One pair of curves I had in mind and was referring to is yours, from 5 years ago, in http://www.hammockforums.net/forum/showpost.php?p=22382 .
If I am correct in reading the distances after scaling the y-scale, some of the differences approach a half inch if the depth of the curve is 6 inches.
BTW, the location in the Cloud of this alternative calculator will be of interest to some here,
The proof given in the Shailish Shirali article you cited is that under the realized condition that the suspended mass of the uniform road bed (or body) vastly swamps the negligible mass of the cable (or fabric), the curve is a parabola not a catenary curve. So, the matter is not the difference in curves, but that in practice the curve is never catenary and just should be called what it is, a parabola.
On method, wrote Tee Dee in that same thread:
They are parabolic - think suspended-deck suspension bridge with the hammock occupant the road bed. The threads of the fabric act as the vertical cables on a suspended-deck suspension bridge. You can go ahead and use the cat cuts, but I don't think it will support you as well as the parabolic arcs.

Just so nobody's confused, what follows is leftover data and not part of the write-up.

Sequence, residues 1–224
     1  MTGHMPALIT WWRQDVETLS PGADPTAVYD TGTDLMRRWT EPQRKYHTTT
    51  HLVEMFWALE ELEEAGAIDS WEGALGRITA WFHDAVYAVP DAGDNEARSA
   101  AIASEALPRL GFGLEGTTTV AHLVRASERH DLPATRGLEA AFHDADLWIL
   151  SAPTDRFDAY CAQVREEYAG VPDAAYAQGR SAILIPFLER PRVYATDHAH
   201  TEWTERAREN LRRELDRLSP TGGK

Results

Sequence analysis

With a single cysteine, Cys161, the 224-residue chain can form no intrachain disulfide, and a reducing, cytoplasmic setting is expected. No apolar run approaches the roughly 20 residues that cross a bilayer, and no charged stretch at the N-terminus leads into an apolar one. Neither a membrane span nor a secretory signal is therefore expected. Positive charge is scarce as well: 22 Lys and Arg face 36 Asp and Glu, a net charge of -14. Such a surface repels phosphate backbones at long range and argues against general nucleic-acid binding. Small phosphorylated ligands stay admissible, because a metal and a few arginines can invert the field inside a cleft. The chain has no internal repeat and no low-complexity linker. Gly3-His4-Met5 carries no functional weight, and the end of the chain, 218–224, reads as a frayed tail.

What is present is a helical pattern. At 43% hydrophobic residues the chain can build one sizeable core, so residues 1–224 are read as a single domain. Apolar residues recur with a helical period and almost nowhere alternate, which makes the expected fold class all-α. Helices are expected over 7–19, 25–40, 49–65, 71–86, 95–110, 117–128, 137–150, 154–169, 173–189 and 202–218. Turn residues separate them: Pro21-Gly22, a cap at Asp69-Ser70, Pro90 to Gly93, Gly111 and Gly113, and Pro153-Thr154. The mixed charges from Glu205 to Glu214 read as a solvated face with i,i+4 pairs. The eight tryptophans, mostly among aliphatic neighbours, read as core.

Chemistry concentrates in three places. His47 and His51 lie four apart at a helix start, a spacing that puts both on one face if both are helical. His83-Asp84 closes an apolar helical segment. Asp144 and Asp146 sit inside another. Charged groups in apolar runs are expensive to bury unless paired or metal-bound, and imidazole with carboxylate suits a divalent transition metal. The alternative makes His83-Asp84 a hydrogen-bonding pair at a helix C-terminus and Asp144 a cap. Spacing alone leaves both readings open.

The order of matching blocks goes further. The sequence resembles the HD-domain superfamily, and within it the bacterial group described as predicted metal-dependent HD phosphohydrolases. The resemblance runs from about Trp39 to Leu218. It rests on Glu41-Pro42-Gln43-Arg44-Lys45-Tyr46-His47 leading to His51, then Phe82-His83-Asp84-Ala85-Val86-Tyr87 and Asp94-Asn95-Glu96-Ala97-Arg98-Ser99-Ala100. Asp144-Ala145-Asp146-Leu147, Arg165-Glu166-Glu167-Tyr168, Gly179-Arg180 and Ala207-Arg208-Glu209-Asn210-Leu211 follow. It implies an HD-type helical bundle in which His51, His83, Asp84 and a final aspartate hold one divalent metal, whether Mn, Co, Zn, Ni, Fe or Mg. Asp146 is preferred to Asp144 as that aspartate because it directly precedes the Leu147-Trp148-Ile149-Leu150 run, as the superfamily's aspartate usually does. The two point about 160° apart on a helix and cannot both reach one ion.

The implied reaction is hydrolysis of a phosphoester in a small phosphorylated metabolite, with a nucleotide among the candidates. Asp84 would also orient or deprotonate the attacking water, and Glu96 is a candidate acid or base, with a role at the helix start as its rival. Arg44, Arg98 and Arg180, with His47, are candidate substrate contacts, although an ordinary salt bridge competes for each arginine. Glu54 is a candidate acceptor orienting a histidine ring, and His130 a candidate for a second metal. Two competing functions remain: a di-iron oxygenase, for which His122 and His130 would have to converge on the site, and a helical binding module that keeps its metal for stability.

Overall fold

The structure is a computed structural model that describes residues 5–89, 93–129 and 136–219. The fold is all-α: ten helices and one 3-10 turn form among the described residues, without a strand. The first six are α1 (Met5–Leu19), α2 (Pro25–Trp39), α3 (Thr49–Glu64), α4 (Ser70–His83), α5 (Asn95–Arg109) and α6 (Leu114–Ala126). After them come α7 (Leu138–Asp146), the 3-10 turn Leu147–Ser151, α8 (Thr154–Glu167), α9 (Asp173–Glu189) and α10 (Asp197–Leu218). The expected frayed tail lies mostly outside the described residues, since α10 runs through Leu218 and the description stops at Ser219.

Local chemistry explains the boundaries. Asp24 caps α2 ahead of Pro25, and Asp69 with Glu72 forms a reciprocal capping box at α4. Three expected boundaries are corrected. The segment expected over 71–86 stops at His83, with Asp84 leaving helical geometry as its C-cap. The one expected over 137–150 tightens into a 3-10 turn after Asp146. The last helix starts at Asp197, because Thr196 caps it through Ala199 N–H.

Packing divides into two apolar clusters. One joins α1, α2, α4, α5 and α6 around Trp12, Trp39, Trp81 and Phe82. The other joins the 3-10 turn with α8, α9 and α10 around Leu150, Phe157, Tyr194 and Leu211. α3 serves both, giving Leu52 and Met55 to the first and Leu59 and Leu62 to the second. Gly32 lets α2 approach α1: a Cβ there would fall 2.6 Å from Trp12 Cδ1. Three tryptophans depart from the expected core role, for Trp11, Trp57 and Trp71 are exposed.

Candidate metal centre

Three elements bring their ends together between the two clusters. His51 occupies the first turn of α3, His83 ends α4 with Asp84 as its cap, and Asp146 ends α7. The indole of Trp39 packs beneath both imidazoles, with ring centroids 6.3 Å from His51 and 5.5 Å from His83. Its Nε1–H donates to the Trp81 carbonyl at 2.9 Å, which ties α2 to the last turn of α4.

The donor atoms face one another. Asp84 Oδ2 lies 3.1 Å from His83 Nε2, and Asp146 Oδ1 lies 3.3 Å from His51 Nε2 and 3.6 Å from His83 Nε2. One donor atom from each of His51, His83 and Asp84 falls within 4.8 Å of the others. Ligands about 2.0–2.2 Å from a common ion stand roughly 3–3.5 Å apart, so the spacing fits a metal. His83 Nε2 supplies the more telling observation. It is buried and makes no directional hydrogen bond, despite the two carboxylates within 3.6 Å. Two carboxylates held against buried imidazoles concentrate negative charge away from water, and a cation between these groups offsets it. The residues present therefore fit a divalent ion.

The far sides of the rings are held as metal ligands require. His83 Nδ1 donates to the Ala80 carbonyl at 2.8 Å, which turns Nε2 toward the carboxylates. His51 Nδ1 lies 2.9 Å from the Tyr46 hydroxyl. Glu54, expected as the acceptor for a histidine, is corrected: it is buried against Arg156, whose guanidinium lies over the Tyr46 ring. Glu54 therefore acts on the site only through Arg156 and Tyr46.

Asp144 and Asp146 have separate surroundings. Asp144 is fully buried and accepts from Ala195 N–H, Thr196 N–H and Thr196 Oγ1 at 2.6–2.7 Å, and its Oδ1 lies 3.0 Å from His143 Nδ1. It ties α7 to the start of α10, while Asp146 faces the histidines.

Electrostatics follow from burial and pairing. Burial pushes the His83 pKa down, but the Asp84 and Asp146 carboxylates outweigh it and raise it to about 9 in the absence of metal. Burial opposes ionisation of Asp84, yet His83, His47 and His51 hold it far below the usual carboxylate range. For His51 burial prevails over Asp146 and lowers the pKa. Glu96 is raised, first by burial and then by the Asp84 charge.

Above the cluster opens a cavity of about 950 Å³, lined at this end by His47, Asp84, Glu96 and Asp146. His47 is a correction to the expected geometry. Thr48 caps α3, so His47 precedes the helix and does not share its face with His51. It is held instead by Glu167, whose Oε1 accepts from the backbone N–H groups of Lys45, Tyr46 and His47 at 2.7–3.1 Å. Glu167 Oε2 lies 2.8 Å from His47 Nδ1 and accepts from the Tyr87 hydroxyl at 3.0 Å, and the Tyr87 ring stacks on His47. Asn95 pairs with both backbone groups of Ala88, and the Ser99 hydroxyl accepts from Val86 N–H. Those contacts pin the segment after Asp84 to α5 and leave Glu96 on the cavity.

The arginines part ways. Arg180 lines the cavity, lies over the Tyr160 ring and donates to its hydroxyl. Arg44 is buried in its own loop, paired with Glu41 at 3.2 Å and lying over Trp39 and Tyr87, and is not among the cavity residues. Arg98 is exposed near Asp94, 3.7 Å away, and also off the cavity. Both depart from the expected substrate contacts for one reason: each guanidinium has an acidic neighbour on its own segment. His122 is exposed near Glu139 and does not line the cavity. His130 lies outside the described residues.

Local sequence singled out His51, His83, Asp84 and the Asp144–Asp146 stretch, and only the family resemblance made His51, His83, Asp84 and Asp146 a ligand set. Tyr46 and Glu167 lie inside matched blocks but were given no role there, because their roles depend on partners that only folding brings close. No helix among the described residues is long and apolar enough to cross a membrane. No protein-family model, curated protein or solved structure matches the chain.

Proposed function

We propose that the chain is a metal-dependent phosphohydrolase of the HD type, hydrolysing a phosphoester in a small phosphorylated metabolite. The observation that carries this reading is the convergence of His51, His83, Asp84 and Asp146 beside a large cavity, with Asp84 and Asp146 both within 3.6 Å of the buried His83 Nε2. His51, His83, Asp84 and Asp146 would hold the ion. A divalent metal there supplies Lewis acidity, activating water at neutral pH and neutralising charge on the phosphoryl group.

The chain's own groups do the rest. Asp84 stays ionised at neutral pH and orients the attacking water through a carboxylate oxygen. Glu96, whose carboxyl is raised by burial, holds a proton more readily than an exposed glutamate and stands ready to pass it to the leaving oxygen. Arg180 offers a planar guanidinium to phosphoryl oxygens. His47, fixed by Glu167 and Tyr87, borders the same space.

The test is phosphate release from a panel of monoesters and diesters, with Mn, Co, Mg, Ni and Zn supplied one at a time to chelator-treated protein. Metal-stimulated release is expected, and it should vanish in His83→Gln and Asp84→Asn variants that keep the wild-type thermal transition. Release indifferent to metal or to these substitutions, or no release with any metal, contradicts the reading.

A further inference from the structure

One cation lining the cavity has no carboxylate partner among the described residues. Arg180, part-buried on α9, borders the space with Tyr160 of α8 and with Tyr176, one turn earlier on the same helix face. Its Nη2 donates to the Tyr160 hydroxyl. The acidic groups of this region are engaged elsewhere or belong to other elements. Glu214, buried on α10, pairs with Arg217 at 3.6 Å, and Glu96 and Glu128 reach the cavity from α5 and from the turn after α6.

The parabolic arcs are lots easier to make than the catenary arcs. You don't need to make all those measurements and connect the dots.
Just get a good flexible rod, fiberglass or carbon fiber or AL tent poles work very well. I used fiberglass chimney brush handles, 2 4' sections coupled together to make an 8' rod. You can get them at Lowes for about $4 per section.
Mark out the end points, fix the rod at the end points and then flex the rod to the desired shape. Use a marker of some sort, a Sharpie works good, to trace the rod on the material and cut and you are done.
A great parabolic arc.
Note that the head end of the arc is steeper than the foot end to accommodate the extra weight there. You have to adjust the center point where you pull the rod to get that.